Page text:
Hurricane Allen took much the same path in 1980, but slipped between the Yucatan and Cuba to make landfall as a Category 3 at Brownsville, TX.
Hurricane Ivan took a similar path in September 2004, passing between the Yucatan and Cuba, then turning north to hit the Florida Panhandle.
Hurricane Wilma of 2005, brewed in the southern Caribbean, struck the tip of the Yucatan as a Category 5 and bounced northeastward toward Florida, then travelled off the Atlantic coast for the rest of its path.
The devastating 2005 storms, Katrina and Rita, entered the Gulf between Cuba and south Florida before heading to the Mississippi and Louisiana coasts respectively.
The website http://flhurricane.com/ has great information on the current storm and on past storms.
Above is the latest NHC map of Dean.
August 16 1 p.m. Update - Dean became a Category 1 hurricane at 8 a.m. this morning. At 1 p.m. max wind speeds are up to 90 mph--still a Category 1 storm, but approaching Category 2.
The islands of Dominica and St. Lucia are under a hurricane warning. Other islands in the same region are under tropical storm warnings.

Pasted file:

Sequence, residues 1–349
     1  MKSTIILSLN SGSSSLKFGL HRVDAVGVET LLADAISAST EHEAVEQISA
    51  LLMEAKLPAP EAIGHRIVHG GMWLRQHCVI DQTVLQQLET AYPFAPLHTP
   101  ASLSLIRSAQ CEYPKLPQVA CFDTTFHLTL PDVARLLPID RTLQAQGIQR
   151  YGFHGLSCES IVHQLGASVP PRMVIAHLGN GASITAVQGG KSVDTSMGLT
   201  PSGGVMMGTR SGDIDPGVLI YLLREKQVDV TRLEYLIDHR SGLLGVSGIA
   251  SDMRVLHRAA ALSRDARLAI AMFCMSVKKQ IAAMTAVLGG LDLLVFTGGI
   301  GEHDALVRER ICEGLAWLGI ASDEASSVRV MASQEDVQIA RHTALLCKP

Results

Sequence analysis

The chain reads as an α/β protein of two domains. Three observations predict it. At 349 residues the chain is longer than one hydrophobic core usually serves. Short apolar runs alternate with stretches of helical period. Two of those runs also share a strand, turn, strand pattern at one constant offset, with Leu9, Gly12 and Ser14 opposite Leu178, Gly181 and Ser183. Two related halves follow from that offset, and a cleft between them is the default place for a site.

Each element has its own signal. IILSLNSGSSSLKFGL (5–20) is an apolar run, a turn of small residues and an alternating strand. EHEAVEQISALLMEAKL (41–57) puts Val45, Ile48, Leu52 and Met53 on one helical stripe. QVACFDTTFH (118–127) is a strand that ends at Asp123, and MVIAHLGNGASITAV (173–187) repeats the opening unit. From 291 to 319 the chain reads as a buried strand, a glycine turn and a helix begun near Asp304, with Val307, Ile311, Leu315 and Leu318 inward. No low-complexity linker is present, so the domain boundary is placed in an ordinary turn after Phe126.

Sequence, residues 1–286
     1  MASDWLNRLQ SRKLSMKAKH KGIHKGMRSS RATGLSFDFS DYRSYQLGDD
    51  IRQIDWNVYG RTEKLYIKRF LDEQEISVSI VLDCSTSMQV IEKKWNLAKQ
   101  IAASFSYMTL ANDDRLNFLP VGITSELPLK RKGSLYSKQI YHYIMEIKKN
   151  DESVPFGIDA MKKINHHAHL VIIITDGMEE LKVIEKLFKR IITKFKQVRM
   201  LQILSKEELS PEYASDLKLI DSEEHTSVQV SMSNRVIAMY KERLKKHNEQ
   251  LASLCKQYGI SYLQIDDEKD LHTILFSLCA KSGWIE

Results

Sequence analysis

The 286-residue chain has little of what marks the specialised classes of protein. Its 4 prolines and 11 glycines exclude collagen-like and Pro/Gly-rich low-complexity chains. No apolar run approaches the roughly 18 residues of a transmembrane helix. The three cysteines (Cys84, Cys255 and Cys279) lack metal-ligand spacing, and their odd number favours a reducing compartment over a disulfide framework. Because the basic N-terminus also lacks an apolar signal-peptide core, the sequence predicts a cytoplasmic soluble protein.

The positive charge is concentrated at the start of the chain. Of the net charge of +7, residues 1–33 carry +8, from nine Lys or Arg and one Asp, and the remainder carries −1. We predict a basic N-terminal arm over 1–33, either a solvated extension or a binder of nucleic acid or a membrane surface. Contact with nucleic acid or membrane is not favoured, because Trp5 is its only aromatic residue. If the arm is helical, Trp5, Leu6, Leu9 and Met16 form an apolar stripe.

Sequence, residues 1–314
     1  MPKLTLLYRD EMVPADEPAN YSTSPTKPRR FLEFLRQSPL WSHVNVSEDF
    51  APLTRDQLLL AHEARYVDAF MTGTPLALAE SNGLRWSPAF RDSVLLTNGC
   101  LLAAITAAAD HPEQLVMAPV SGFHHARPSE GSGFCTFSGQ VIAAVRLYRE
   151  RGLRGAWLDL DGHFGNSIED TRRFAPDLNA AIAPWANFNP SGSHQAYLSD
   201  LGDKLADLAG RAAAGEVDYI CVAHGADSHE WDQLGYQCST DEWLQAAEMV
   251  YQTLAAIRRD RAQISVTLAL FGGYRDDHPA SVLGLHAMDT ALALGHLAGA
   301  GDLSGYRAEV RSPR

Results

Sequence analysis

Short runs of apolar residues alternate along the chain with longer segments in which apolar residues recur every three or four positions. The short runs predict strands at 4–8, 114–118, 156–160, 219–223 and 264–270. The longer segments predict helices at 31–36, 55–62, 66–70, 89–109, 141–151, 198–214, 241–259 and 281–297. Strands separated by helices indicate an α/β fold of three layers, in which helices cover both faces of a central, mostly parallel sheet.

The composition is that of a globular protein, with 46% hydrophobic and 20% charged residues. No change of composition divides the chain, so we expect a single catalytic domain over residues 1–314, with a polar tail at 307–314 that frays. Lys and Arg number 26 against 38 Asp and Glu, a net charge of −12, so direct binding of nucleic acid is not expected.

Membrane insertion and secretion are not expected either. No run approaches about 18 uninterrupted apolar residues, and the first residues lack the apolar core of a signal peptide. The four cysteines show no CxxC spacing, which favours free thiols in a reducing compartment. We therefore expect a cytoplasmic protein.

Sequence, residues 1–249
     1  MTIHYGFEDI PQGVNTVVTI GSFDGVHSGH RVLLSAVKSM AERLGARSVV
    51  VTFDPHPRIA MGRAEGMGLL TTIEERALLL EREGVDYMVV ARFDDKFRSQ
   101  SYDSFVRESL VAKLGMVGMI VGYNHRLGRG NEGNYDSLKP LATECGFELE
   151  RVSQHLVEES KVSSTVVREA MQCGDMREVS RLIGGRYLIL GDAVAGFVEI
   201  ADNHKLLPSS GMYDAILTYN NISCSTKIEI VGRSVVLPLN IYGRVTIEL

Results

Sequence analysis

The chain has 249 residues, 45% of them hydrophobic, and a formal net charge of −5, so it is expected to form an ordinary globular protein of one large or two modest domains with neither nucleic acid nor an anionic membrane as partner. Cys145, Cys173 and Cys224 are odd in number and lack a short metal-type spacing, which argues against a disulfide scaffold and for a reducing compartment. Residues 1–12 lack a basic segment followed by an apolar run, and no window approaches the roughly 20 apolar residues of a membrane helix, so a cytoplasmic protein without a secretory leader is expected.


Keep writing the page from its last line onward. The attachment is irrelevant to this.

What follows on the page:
Movement is still West at a brisk 23 mph. Position of center is 13.7 N 54.3 W.
Projection is for storm to clip the Yucatan Peninsula on August 21, though Jamaica is clearly in the path of the storm. The next update will begin to show how forecasters think the storm will emerge from the Yucatan. If the storm shifts more to the NW, it stands a better chance of reaching the US Gulf rather than raining itself out over Central America or Mexico.
Here's the NHC's report and 5-day projection for Tropical Storm Dean. Current position is 13.1 N and 50.2 W. Max winds are at 70 mph, just under hurricane velocity. Dean is no more than 12 hours from becoming a hurricane. It's moving West at a brisk 23 mph. A hurricane watch has been posted for the first set of islands in the storm's path. Dean's projected path is relatively unchanged, heading along the south coast of Jamaica toward the Yucatan Peninsula.
Dean's path didn't change much between 11 a.m. and 5 p.m. EDT on August 14, though Hispanola (Haiti/Dominican Republic) has come more into the path with the storm drifting ever so slightly south (now at 11.6 N and 41.0 W). Maximum winds remain at 40 mph. The storm is moving west at 21 mph. A more northerly track would be better for us in Louisiana.
The first tropical storm of 2007 with a chance to threaten the continental US has formed in the Atlantic as Tropical Depression Four.
As of 5 am EDT on August 14, it was located at 12.0 N 36.6 W, with maximum winds of 35 mph, moving W at 21 mph. When maximum sustained winds reach 39 mph, the depression will become Tropical Storm Dean.
Projections by the National Hurricane Center (NHC) show the storm moving west and then WNW over the next few days, reaching Puerto Rico as a hurricane by Sunday, August 19. It's still to early to tell whether the storm will stay in the Atlantic or enter the Caribbean and perhaps the Gulf of Mexico.
Above is a map of the 5-day storm track projection from the NHC.